—Madison Lander, student and writer, Chicago, IL


“I’m taking the lead on creating a virtual book club with my coworkers so we can stay connected and engage in conversation that isn’t related to work. We thought it would be fun to vote on books to read together, and then video call once a week to discuss what we’ve read. I’ve found that having a specific item or topic to bond over, such as reading the same book at the same time, enhances virtual conversations and connections in a meaningful way.” 

—Alyssa Swantkoski, executive assistant, Denver, CO


“When we first learned we wouldn’t be able to go on our spring break trip, my family and I tried to stay upbeat and took advantage of online virtual travel opportunities. We explored museums online, watched the National Geographic channel, and checked out expedition cruise videos. We quickly decided to hold a travel bucket list night. My husband, two children, and I each had a week to research and think about which destinations we wanted to add to our family travel bucket list. The goal was to prioritize the locations we most wanted to visit and sketch out a timeline of when we will get to each place.” 

—Victoria Hardison-Sterry, travel advisor, Celebration, FL


“My family and I have started to discuss our push-up skills. There is a bit of a competition going on between my husband, my two kids, and I about who can do the most. It is a fun way to laugh and do something healthy for our bodies. And at the end of each day, we come together at the dinner table to talk about our favorite parts of the day, or as a good friend of mine has said, ‘our cherries and our pits.’ These days we are mostly talking about the cherries, and leaving out the pits.”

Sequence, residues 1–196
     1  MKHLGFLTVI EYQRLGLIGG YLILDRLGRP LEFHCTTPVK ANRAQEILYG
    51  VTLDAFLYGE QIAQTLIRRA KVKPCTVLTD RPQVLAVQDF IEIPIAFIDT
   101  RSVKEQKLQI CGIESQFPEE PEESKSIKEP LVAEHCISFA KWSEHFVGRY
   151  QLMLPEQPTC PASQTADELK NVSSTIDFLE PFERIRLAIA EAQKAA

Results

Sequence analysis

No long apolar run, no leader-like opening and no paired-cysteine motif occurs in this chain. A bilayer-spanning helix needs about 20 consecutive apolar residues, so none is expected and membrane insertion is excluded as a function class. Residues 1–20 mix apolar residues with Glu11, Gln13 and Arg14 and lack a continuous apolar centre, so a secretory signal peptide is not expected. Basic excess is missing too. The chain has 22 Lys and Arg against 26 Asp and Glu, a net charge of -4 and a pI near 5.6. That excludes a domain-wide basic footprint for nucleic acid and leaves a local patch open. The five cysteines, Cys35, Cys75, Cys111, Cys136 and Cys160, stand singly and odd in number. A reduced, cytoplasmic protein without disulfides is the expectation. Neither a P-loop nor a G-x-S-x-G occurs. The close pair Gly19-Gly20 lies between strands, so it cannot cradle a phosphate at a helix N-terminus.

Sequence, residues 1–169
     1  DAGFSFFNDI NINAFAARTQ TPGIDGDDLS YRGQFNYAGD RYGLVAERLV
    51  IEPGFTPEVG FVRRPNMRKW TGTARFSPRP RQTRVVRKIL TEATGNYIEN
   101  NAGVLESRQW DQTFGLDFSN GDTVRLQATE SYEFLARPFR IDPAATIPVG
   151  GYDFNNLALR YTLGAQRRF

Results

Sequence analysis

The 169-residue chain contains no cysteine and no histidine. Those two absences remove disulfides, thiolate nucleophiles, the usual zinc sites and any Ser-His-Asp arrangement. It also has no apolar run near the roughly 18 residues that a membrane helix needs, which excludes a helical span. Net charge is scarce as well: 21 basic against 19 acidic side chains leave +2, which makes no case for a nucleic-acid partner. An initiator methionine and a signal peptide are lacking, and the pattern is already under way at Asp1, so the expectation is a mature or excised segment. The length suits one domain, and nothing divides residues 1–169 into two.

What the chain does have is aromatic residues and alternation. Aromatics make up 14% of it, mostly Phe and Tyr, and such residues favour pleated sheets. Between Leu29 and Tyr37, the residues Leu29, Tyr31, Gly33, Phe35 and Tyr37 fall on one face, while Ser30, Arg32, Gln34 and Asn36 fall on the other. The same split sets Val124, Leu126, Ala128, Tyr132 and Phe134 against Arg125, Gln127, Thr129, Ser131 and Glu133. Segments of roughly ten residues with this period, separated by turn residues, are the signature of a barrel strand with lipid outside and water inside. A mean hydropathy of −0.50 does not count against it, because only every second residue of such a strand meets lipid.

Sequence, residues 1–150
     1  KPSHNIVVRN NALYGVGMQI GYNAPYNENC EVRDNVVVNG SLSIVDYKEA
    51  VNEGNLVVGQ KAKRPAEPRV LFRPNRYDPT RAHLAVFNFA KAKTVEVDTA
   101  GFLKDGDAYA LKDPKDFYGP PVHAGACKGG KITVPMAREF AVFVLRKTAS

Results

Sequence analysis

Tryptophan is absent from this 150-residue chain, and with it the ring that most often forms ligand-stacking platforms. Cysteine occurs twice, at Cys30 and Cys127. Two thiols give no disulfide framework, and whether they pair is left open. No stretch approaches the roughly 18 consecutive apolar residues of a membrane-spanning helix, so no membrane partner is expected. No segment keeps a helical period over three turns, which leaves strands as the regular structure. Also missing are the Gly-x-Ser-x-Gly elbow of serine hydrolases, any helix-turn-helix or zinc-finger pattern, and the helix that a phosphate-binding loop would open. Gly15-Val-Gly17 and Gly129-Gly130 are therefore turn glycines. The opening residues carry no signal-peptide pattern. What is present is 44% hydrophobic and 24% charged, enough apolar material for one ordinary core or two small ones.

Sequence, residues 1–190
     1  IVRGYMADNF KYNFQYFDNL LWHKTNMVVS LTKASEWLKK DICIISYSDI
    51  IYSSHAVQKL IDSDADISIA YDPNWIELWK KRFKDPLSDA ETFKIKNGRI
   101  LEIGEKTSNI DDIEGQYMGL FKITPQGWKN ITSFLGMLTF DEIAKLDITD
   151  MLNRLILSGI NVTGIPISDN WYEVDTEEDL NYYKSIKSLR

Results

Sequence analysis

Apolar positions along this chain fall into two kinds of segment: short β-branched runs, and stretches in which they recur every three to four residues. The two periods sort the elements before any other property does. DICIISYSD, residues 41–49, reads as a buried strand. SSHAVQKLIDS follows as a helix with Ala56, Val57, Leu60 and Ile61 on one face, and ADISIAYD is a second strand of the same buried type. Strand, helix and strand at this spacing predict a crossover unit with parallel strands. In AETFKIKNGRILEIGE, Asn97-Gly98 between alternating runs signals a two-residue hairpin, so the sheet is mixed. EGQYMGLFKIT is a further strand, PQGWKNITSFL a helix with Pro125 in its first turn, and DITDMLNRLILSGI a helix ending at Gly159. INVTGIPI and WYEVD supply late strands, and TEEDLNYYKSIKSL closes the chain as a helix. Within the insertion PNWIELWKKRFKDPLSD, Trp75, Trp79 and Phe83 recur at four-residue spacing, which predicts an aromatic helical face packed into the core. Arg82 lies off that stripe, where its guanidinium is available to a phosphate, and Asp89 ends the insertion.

—Kristel Bauer, founder, Chicago, IL

What kinds of conversations are helping you stay connected and feel recharged? Share them with us in the comments! 

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  • Marina Khidekel

    Chief Content Officer at Thrive

    Marina leads strategy, ideation and execution of Thrive's content company-wide, including cross-platform brand partnership and content marketing campaigns, curricula, and the voice of the Thrive platform. She's the author of Thrive's first book, Your Time to Thrive. In her role, Marina brings Thrive's audience actionable, science-backed tips for reducing stress and improving their physical and mental well-being, and shares those insights on panels and in national outlets like NBC's TODAY. Previously, Marina held senior editorial roles at Women's Health, Cosmopolitan, and Glamour, where she edited award-winning health and mental health features and spearheaded the campaigns and partnerships around them.